Don't think I could eat one of these now ...

Claude’s family included two sons – another Claude, who was Hollande’s ancestor, and Pierre, who was Sarkozy’s. These two settled in the neighbouring commune of Saint-Genix-sur-Guiers during Louis XIII’s reign. Labully is a famous name in the area since it’s associated with a rather grisly cake. A pastry-making ancestor of our two presidential hopefuls, invented a fake breast gateau. Seriously. It’s an appropriately shaped brioche decorated with praline which was originally created to celebrate the fête of poor Saint Agatha (5th February) who was martyred unpleasantly (weren’t they all) by having, amongst other things, her breasts severed. I hope you weren’t eating while you were reading this.

Let’s have a quick, closer at our two cousins. Nicolas Sarkozy was born on 28 January 1955 in Paris. His father was a Hungarian immigrant, and his mother was of French and Greek descent. (And Sarko wants to cut down on immigrants!) He’s on his third marriage and has three sons and one daughter. As I’ve mentioned in earlier blog posts, he’s an extremely wealthy man. He’s also an author and his better known works are these three books – Libre, Témoignage and Ensemble.

François Hollande was born on 12 August 1954 at Rouen and is as French as he can be. He lived for a long time with Ségolene Royal and they have four children. His new partner is Valérie Trierweiler. Like Sarkozy, he’s also not short of a bob or two. He’s written books as well, including Le Rêve Français and the forthcoming Un Destin pour la France which has an unnervingly smiley-faced Mr H on the cover!

I can only think this common ancestor, Claude Labully-Burty, maybe wasn’t so good at the marriage thing but excellent with money, had a strong political (i.e. ruthless) streak and a love of expressing his opinions (orally most likely, since the chances are he probably couldn’t read or write) which he has passed on down the generations. It’s not quite the family feud of the Milliband brothers recently in the UK, but I think this ancestral connection adds a little bit of extra excitement to the contest.


Food Self-Sufficiency, Here We Come!

It may be hard to believe given my well-known dislike of cooking, but this morning saw me voluntarily in the kitchen. And I’ll be back again later making pancakes. Using flour, which leads me to this photo which I just have to include. (OK, I have it in for M Hollande at the moment, but he started it by asking me for a donation!)

A bad flour moment!

We usually start off with cheese and ham pancakes and I have some topically named cheese to use today!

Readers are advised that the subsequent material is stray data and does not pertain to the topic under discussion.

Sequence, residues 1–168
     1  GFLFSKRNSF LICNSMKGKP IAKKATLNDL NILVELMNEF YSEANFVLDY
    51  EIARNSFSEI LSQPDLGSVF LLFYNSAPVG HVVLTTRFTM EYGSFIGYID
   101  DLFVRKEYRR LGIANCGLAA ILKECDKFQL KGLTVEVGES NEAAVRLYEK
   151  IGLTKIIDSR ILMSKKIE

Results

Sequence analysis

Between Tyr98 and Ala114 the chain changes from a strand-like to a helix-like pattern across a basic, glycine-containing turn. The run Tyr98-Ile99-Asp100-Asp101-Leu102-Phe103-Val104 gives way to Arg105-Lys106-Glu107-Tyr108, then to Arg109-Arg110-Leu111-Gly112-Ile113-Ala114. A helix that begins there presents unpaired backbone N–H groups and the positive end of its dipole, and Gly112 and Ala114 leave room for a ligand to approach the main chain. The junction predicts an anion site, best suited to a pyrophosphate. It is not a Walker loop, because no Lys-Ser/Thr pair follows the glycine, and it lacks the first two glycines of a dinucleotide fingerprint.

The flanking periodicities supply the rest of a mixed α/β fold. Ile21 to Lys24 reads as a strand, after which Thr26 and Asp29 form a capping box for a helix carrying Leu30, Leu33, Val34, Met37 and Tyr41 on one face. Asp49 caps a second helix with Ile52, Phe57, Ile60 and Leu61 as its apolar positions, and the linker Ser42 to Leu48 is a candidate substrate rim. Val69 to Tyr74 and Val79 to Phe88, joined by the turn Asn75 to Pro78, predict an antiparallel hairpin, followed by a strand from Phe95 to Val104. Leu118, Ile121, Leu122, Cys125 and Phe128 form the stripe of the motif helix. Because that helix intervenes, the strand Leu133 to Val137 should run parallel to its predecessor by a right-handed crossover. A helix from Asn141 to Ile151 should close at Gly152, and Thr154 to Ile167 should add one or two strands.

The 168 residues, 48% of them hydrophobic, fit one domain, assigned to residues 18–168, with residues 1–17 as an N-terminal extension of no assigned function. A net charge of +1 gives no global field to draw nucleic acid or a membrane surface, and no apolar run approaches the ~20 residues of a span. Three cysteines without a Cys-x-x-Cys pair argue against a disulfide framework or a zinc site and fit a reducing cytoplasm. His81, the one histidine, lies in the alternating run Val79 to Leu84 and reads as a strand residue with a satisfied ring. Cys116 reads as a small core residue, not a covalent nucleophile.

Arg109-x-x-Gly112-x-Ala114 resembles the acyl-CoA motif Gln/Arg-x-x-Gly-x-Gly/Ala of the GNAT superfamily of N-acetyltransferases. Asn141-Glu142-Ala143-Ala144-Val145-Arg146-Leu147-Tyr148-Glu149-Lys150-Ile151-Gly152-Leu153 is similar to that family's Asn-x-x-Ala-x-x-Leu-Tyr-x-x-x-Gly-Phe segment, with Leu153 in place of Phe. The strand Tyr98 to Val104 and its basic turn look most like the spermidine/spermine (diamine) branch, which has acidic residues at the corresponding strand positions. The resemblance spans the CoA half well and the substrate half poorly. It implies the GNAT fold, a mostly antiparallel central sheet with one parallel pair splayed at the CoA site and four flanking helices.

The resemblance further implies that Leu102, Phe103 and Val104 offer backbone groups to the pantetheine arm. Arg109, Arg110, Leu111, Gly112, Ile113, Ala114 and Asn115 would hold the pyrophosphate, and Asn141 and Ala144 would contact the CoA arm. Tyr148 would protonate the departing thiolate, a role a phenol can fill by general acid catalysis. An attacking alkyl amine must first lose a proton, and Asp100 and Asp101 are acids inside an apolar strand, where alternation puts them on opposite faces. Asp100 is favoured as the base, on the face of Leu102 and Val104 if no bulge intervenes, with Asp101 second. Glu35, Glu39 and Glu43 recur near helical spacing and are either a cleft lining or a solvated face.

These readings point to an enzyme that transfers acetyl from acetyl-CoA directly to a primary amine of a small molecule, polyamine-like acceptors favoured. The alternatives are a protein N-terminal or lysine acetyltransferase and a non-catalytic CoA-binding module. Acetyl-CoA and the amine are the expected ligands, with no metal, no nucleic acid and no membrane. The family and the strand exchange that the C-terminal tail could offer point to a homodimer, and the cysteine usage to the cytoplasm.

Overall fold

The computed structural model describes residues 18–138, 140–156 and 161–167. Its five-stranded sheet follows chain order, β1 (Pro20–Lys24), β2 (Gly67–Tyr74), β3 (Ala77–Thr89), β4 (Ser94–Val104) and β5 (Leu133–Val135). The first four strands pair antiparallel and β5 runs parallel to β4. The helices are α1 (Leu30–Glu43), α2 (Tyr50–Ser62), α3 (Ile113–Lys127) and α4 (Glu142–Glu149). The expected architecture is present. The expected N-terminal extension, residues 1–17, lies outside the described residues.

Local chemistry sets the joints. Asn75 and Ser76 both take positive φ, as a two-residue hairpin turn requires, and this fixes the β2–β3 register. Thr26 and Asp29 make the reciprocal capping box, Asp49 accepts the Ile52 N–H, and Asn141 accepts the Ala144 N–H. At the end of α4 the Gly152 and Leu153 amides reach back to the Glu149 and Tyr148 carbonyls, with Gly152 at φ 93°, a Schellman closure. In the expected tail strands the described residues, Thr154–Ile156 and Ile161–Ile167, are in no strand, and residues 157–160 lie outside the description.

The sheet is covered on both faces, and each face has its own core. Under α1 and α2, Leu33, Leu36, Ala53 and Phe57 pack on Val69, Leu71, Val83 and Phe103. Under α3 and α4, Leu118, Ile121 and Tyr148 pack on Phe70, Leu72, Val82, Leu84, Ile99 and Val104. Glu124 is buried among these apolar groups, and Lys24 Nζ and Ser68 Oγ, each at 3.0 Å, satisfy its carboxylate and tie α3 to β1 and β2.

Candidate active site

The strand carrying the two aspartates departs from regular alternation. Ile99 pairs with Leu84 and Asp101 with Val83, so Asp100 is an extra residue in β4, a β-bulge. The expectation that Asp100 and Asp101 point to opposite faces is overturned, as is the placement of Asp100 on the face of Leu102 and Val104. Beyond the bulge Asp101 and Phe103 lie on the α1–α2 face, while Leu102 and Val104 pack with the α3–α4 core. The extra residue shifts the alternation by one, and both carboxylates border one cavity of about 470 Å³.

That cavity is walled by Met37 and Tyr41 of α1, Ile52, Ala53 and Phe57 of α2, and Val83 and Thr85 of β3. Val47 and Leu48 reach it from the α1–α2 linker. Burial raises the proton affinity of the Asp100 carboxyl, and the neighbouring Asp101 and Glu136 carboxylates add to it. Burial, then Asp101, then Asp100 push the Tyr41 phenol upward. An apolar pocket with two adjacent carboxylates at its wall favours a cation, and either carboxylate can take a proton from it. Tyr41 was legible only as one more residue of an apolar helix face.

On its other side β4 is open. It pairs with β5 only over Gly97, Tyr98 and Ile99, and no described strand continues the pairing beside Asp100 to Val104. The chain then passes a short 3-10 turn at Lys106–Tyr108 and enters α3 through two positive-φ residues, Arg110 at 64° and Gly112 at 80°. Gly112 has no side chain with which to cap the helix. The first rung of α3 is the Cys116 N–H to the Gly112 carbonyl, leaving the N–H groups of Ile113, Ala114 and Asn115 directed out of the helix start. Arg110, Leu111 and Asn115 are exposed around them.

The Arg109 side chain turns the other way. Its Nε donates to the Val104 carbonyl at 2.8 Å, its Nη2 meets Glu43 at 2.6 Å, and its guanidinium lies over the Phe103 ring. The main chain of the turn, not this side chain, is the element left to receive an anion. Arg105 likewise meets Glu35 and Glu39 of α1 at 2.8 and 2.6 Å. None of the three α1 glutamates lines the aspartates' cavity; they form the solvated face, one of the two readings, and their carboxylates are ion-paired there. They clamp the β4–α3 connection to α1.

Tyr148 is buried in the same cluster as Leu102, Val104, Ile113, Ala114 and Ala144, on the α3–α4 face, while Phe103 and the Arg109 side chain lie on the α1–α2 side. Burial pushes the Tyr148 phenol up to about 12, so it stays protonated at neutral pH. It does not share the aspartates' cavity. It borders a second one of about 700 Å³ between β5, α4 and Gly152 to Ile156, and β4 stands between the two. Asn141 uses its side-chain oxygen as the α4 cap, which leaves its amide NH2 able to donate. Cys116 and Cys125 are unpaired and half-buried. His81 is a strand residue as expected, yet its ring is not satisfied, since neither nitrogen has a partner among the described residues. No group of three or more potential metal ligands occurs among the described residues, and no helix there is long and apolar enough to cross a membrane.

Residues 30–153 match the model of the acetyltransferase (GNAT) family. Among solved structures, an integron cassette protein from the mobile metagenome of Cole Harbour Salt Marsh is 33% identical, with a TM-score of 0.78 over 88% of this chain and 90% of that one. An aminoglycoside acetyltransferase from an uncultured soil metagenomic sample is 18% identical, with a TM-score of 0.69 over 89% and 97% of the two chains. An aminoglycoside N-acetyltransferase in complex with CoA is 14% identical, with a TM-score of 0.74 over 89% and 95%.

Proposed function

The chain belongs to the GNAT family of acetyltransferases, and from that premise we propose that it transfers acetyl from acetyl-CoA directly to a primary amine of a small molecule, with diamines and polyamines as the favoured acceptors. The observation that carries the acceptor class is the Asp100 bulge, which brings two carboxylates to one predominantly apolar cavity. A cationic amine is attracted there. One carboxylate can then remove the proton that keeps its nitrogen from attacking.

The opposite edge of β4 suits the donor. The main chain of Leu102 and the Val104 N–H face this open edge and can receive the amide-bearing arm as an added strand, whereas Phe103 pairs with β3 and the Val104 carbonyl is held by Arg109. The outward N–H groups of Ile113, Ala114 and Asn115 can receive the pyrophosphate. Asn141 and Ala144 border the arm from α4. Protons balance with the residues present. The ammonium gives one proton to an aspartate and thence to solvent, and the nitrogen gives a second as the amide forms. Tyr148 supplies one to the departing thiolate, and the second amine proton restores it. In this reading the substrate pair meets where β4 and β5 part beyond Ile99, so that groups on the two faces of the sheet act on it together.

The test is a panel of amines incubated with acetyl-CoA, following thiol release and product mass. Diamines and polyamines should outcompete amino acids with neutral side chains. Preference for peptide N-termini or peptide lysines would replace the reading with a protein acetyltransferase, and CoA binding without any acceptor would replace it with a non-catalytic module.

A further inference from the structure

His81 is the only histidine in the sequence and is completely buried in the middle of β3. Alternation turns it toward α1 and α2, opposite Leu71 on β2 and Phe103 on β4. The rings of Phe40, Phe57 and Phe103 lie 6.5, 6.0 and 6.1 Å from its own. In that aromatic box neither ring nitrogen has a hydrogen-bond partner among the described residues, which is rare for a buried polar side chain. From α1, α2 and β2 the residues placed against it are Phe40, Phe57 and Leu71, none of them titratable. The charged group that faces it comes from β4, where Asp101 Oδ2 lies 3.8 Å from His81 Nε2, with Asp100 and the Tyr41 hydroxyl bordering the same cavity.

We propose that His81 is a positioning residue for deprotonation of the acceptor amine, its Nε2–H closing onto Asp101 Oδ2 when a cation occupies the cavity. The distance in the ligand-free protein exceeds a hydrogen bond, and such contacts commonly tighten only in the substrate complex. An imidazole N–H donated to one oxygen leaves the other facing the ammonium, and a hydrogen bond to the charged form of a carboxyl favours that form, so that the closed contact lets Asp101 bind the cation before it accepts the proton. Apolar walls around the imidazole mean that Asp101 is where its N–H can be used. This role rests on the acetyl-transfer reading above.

After the savoury first course of pancakes, we hit the sweet fillings with a vengeance.

So why was I cooking this morning? Well, we’re taking our drive for self-sufficiency in meat and veg seriously. Chris has been busy butchering over the last few days and I had a liver to use, so I had my first stab at homemade liver paté. I chose an ultra simple recipe. It involved frying a chopped onion in butter, adding the chopped liver, pepper, nutmeg and herbs, and I threw in some walnuts for luck. Once the liver was cooked I added some cream and whizzed everything in the food blender and voilà, suprisingly good paté. In future I’ll store up all the livers from the poultry. We’d previously been giving them to the cats. No longer!

First attempt at paté

Monsieur le Président of the local hunting club turned up yesterday with three large lumps of venison for us, so we now have a very well-stocked freezer meat wise. Our supply of frozen pumpkins never seems to get any less, so today I was trying out apple and pumpkin crumble. It’s interesting, shall we say. I don’t think it will catch on. Actually, I think the problem may be that I used raw pumpkin with stewed apple. I vaguely remember reaching the ‘s*d-it, I-hate-pumpkin’ stage when I was processing the citrouilles last year, and lobbing a few bags of uncooked chunks into the freezer instead of cooking them first. I’m not a high ranking domestic goddess. And my laziness has caught up with me.

We still have loads of frozen eggs. The girls were laying right up until le grand froid hit so it’s only now that I’m starting to use my stash from the freezer.